Property Litigation: Conclusive Certification Clauses are not always conclusive

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High Court case offers a warning to Landlords demanding service charges – Conclusive Certification Clauses are not always conclusive

Key Contact: Jennifer Butcher

Author: William Rees

The High Court has clarified the interpretation of two clauses commonly found in commercial leases, being the “conclusive certification” clause and a “no set off” clause. In doing so, the High Court confirmed that in some circumstances a tenant is able to challenge service charges demanded under a Landlord’s certificate even if the terms of a lease provide that the certificate will be ‘conclusive’.

The High Court case of Sara and Hossein Asset Holdings Ltd v Blacks Outdoor Retail Ltd [2020] EWHC 1263 (Ch) (19 May 2020) concerned Sarah and Hossein Asset Holdings (Landlord) and well known outdoor clothing and equipment retailer Blacks Outdoor Retail (Tenant).

The Landlord, in accordance with usual practice, provided a yearly certificate detailing the Tenant’s service charge liabilities. The drafting of the conclusive certification clause within the lease set out that “In the absence of manifest or mathematical  error or fraud”, the certificate was “conclusive”. The no set off clause further precluded the Tenant from exercising any right of set off. These being common provisions of a commercial lease.

Having been produced with the Landlord’s certificates detailing the service charge liabilities, the Tenant failed to pay two years’ worth of sums claimed by the Landlord. The Landlord issued proceedings. The Tenant defended its position, arguing that some of the service charge sums claimed by the Landlord fell outside of the scope of the parties’ contractual relationship and thus the Tenant was not liable to pay. The Tenant further relied on the no set off clause.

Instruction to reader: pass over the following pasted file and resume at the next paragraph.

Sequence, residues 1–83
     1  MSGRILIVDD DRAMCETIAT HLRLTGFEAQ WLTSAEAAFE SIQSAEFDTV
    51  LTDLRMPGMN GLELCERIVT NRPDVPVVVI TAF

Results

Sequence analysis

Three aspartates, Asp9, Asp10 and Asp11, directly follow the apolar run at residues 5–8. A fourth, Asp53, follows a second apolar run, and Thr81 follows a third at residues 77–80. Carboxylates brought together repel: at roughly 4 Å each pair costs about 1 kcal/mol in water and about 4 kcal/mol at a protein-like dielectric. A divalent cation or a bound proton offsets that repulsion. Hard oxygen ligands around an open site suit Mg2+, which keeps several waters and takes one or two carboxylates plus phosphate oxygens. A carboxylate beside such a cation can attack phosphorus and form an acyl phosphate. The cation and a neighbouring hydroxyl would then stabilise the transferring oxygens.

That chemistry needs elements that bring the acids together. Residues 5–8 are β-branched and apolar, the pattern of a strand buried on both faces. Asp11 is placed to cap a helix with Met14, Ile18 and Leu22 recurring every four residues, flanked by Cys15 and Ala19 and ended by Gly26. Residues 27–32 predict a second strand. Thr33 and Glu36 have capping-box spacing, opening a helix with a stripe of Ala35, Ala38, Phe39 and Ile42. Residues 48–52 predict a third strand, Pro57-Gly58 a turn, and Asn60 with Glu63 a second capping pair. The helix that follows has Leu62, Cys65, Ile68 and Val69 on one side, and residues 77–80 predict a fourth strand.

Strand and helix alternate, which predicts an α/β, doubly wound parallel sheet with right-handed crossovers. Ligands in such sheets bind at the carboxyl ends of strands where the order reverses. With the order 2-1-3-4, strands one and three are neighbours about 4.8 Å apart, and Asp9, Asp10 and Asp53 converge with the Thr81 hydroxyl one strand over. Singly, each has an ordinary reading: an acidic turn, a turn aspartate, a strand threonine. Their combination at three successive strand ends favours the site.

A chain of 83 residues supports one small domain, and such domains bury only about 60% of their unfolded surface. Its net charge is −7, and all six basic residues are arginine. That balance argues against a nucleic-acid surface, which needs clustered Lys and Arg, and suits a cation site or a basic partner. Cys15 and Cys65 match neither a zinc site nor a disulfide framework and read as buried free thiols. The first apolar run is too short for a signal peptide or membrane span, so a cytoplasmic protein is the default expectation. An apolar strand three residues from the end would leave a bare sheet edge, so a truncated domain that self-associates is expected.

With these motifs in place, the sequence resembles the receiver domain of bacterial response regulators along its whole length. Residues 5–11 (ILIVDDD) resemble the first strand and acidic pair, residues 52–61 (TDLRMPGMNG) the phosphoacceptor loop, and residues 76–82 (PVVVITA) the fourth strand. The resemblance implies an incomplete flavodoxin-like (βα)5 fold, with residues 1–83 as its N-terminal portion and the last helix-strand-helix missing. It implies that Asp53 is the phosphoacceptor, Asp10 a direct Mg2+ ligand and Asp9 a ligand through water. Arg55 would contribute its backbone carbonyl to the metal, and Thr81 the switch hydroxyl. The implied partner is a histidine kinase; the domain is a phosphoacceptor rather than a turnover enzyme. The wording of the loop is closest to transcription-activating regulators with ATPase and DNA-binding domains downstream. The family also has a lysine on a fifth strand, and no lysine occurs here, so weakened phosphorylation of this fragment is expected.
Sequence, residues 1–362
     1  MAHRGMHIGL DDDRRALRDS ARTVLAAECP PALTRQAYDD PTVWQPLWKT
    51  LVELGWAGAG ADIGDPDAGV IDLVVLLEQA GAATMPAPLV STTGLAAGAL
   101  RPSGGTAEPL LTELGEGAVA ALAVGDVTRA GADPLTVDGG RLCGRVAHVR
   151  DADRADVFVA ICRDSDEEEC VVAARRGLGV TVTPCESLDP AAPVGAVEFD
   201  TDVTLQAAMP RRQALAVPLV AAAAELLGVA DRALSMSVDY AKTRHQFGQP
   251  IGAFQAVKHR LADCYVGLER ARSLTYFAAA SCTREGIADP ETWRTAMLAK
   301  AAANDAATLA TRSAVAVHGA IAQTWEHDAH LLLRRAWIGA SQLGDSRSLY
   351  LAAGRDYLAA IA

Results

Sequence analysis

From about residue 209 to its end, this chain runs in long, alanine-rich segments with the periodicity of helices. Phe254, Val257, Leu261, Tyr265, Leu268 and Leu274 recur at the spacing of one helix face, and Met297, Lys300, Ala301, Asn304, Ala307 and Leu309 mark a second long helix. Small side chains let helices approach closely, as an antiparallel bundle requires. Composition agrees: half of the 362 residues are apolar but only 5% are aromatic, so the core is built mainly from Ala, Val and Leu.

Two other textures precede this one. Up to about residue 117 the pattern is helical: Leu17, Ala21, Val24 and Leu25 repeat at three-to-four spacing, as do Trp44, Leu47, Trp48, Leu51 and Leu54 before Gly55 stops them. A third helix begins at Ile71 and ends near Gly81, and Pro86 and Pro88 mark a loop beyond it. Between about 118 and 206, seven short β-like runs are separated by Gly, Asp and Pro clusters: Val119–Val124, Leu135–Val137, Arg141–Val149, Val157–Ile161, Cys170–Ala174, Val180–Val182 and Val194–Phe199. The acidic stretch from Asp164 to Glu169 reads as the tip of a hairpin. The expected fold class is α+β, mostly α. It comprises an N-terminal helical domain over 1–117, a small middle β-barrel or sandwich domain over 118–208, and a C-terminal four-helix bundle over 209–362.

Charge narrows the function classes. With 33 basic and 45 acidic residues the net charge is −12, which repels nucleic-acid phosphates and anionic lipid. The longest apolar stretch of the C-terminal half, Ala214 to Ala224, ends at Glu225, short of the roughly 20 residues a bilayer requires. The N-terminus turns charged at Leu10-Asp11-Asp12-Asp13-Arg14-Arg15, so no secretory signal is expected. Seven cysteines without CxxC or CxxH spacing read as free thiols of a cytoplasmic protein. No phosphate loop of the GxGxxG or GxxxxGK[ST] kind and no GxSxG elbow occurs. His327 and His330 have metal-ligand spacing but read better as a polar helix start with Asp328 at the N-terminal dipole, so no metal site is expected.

The Landlord sought summary judgment relying on its interpretation on the conclusive certification clause as being strictly conclusive and therefore not open to challenge by the Tenant. However the Landlord was unsuccessful in achieving summary judgment on its interpretation at both first instance and in the High Court.

The High Court clarified that certificates produced in accordance with the standard drafting of conclusive certification clauses (i.e. there being no manifest or mathematical error or fraud), are conclusive as to the amount of costs incurred. However, importantly, the certificate is not conclusive of whether the costs referred to in the certificate are caught in scope of the Landlord and Tenant’s contractual relationship. This means that Tenants are able to dispute the contents of a certificate.

In construing the no set off clause, the High Court clarified that the Tenant was precluded from using the clause to not pay the service charge where the service charge was properly due. However, in the event where liability was disputed (as in this scenario), the Tenant’s liability would be determined by the outcome of that dispute.

Whilst this case was decided on the specific wording of the lease, it case has important implications for commercial Landlords and Tenants. It will be welcome news to Tenants, clarifying that they may still have rights of recourse against Landlords should a Tenant dispute the contents of a ‘conclusive’ service charge certificate provided by a Landlord. Conversely, the case will likely be a disappointing outcome for many commercial Landlords, who may now feel that they are provided with less certainty and protection from their conclusive certification clauses than they may have previously thought they were afforded.

For more information, please get in touch with our Litigation team.

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